In the mid-70's, I traveled in a Christian Band duo throughout the Northwest and Canada. Our extended Dodge cargo van carried both us and our equipment. If you know anything about cargo vans, the only windows they have are those for the front driver and passenger. Given that we were traveling in the desert area of Eastern Washington during summertime with temperatures ranging in the 105-109 degrees area, and that we had no air conditioning, we had our windows down providing only a modest amount of relief.
We were traveling through a small town on our way to sing at a church. Steve, my partner, was driving, and I was the passenger. I was being particularly, his words, "obnoxious" (I prefer the phrase 'witty and entertaining'). It was very hot, we were both sweating profusely and particularly uncomfortable (due to the inadequate air flow in the cab), and he began to be annoyed with me. Having had enough of my whimsical banter, he suddenly pulled over to the side of the curb by a little green grassy park, put the car in neutral, foot still on the brake left the engine running, and just sat there looking straight out the front of the window.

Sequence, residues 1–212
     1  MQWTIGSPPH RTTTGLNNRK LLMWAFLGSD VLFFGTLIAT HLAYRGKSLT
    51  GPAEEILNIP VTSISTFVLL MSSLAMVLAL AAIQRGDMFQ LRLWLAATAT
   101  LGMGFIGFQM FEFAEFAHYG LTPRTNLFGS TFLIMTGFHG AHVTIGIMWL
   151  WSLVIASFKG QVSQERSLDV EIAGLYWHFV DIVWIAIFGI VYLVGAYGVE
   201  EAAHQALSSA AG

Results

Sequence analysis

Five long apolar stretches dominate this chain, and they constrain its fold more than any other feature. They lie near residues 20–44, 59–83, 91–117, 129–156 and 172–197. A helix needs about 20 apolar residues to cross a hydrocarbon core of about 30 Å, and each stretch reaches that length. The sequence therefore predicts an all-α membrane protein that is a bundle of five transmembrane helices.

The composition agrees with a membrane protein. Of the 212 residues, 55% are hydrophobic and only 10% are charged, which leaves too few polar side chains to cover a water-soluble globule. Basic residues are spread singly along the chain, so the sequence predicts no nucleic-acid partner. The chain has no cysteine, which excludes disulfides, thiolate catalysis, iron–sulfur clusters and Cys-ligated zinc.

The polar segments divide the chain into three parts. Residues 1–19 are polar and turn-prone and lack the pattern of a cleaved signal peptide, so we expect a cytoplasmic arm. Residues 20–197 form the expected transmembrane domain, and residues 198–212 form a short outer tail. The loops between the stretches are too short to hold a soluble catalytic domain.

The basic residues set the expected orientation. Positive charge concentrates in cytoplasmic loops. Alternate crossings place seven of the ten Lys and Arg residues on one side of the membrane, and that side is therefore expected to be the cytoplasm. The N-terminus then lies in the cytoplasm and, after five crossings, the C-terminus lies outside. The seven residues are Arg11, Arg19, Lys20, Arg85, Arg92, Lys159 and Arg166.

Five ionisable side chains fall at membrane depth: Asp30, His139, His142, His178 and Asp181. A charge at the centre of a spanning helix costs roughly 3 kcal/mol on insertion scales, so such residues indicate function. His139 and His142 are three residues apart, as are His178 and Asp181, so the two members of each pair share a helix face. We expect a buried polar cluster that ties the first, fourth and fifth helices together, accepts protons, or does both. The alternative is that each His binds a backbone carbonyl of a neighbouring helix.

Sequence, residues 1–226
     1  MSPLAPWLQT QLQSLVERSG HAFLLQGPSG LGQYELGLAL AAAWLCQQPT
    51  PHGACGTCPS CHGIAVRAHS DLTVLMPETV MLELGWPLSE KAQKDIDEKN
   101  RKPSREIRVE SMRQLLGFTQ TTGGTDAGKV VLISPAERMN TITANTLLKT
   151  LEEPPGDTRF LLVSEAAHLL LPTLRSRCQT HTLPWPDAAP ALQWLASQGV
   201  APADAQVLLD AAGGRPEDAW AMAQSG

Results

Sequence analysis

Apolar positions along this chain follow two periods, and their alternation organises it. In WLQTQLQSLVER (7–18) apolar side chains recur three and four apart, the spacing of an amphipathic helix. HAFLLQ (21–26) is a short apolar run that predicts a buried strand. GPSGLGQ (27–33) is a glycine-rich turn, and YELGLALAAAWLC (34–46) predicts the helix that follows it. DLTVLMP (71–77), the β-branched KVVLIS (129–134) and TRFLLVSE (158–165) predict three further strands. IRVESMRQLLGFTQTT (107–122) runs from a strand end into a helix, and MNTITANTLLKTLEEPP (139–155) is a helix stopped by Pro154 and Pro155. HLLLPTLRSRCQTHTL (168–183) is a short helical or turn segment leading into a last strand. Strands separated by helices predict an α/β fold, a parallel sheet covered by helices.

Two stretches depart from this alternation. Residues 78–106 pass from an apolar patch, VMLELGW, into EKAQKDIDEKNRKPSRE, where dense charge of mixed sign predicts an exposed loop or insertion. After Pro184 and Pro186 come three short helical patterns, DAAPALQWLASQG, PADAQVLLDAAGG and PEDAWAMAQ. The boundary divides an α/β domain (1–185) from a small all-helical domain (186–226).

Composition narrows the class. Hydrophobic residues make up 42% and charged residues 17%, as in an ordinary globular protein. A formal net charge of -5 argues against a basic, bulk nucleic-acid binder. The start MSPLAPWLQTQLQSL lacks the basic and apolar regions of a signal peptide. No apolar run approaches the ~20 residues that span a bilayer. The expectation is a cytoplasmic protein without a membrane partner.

I began to pummel him with lots of nagging questions: "Don't you know we have to be at the church in 45 minutes?" "Don't you know it's hot?" "I can't breathe!" "I'm suffocating here!" "We need more fresh air coming through the window." "Why are we stopping here?" "CAN WE GO?!!"
He slowly turned his head to me and responded, "Just wait."
"Wait for what?" I asked.
"Just wait." he repeated.
I'm beginning to wonder if he was suffering from a heat stroke. As I turned my head to look out my passenger window to get my bearings, I was struck directly in the face with a jet of water coming from the park's rotating sprinkler system. Gasping for air and wiping my completely wet soaked head, I turned my gaze back to Steve.
"Now we can go." he calmly said with a wry smile on his face.
He put the van in drive and continued on with our journey. I sat quiet, keeping my 'witty and entertaining' words to myself.
My wife and I went to Ivar's Seafood and Chowder House for dinner tonight. We asked for it "to go." The manager, a middle-aged man who looked very tired from working all day, was putting our clam chowder into the bag.
"Silverware?" he asked with blank stare.
"You mean 'plastic-ware?" I queried.
Once again with a blank stare, he asked more firmly and a little louder, "Silverware??!"
I responded, "Uhhhhh….ummmmm…sure."
He reached over to his "silverware" tray and grabbed a plastic spoon and fork and placed them into the bag.
I politely thanked him, took the bag, and left anticipating a night of 'fine-dining."